Don't be afraid to experiment
While you may be inclined to opt for the familiar slice of pizza or traditional spaghetti and meatballs, consider experimenting with different food groups and combinations.
"Do not be intimidated to order items that have ingredients that you like in them," says Olivero. "For example, if you like tomatoes, order a caprese salad, made with fresh raw tomatoes and fresh mozzarella — a softer, moister version of the American one — and add balsamic dressing and extra virgin olive oil."
The same idea applies to pasta: You can always order spaghetti with a classic tomato sauce, but if you're looking for a more intricate flavor profile, you may want to opt for something like pesto, a sauce made from garlic, basil, pine nuts, olive oil and cheese.
The history of Italian cuisine
Olivero says since Italy has been an official country for less than 100 years, it's food is quite different from region to region. "With the introduction of noodles from China in the 13th Century and the addition of tomatoes from the Americas, the food in Italy changed immensely," says Olivero.
External factors played a role in the dishes created by each region, in addition to the availability of ingredients. As different cultures introduced new ingredients and spices to Italy, Italians began to add more variety and diversity to their dishes making it what it is today. However, in general, Italian dishes are more on the simple side and tend to focus on two to four primary ingredients.
"Many Italian dishes are quick to prepare and few ingredients are added," says Olivero. "Italians want the ingredients they use to shine and for their flavors to be prominent in the dishes they create."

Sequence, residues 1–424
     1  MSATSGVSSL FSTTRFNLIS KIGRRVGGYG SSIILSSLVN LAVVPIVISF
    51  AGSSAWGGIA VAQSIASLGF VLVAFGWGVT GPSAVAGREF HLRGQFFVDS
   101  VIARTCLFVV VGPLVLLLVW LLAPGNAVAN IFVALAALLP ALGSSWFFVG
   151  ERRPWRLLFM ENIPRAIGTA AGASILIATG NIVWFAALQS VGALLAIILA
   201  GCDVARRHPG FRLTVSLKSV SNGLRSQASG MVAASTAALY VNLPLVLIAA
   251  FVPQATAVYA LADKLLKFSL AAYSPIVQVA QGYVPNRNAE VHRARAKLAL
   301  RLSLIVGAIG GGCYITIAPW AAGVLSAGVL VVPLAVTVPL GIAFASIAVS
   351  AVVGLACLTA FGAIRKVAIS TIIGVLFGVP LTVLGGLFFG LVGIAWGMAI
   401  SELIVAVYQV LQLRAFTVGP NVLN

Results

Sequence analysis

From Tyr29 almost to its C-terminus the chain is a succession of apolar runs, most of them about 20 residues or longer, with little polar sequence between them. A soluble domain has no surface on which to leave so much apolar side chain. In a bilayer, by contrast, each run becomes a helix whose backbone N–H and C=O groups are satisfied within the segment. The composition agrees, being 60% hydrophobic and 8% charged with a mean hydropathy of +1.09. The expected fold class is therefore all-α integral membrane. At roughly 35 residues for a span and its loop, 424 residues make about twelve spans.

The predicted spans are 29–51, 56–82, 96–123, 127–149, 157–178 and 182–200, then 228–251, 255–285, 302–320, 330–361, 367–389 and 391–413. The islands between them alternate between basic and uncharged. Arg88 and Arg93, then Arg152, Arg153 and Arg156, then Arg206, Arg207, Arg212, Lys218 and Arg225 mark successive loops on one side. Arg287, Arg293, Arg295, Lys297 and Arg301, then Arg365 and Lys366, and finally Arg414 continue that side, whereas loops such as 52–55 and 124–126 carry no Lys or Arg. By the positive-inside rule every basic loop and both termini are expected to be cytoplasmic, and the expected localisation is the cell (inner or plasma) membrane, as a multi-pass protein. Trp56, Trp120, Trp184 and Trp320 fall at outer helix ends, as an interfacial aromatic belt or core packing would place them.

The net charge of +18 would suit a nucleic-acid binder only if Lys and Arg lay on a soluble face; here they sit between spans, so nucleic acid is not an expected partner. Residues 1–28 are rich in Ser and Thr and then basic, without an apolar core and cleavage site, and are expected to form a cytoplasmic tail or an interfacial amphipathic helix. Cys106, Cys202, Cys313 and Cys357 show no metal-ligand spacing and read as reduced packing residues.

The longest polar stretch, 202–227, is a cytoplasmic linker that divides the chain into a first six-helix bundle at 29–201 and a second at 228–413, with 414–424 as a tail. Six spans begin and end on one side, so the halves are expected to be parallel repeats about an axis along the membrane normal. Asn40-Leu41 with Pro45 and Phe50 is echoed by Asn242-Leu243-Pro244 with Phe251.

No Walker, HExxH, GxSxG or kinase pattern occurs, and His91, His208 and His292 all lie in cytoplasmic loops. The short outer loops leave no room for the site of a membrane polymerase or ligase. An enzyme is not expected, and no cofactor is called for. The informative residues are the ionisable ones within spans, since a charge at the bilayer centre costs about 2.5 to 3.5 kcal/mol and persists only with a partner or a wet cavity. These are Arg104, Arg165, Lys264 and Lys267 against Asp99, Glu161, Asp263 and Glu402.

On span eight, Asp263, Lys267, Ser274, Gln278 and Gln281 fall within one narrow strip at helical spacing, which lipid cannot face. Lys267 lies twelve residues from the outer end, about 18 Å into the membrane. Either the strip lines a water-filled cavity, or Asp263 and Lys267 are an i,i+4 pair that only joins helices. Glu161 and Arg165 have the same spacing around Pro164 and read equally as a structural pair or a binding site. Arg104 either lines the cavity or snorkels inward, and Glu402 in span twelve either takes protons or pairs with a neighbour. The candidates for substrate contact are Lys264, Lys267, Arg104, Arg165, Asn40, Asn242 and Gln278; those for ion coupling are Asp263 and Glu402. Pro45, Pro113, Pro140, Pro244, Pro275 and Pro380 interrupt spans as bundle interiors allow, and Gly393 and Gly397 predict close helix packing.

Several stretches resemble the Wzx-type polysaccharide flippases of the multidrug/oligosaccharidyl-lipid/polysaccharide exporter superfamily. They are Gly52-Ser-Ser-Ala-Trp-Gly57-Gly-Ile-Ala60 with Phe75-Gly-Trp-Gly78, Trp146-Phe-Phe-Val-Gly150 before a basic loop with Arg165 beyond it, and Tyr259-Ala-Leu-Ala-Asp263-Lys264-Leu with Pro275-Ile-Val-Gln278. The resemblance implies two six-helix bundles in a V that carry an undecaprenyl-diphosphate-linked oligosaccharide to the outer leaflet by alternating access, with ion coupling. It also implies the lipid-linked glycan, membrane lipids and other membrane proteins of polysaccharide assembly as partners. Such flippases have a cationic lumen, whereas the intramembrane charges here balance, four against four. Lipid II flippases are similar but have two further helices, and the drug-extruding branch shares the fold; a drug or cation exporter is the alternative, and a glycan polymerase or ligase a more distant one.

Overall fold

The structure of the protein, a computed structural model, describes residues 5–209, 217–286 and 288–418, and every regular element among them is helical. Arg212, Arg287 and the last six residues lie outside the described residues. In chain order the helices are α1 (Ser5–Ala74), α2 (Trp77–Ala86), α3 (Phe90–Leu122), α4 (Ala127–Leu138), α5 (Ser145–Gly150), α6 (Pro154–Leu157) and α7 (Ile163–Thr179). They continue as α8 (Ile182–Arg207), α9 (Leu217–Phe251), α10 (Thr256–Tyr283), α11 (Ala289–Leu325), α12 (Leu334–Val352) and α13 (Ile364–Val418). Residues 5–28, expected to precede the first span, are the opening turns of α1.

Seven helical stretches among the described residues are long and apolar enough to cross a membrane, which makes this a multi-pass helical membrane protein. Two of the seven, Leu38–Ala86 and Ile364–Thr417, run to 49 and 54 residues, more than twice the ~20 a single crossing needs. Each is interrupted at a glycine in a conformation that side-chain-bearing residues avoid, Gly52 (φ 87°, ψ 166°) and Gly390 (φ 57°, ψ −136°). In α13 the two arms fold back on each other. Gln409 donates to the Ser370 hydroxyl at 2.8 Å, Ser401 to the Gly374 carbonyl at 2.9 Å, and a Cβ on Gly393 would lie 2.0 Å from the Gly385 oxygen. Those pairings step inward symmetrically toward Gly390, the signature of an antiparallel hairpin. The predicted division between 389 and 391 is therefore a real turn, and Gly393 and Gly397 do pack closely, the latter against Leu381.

5 best items to order as a beginner:
Still not sure what to order off the menu? Chef Olivero recommends going with the following items that should be found on any menu, for the best first time-experience.
Spaghetti Carbonara: A Roman-inspired dish consisting of either guanciale (cured pork jowl) or pancetta, egg yolks and pecorino Romano cheese, Olivero recommends this dish for those with more simple taste buds who may not be ready to dive instantly into the world of extreme flavors.
Asparagus Salad: Made from charred asparagus with radicchio and grated parmigiano cheese, Olivero says it's a simple and healthy antipasti for those looking to add some vegetables to their meal.
Meatballs: A combination of veal, pork and beef mixed with chopped parsley, bread crumbs and parmigiano cheese, Olivero says meatballs are a great way add protein to a dish and pair well with nearly any type of sauce.
Bottarga: This dish is cured tuna roe squeezed together like sausage, chopped finely, added to garlic, spicy chili flakes and olive oil, sautéed in a pan and served over spaghetti. Olivero says its great for those who like fishy dishes and are in the mood for something quick and easy.
Gnocchi al Pesto: Tiny potato dumplings topped with pesto: Olivero recommends this for people looking to try something new and expand their flavor profile at an Italian restaurant.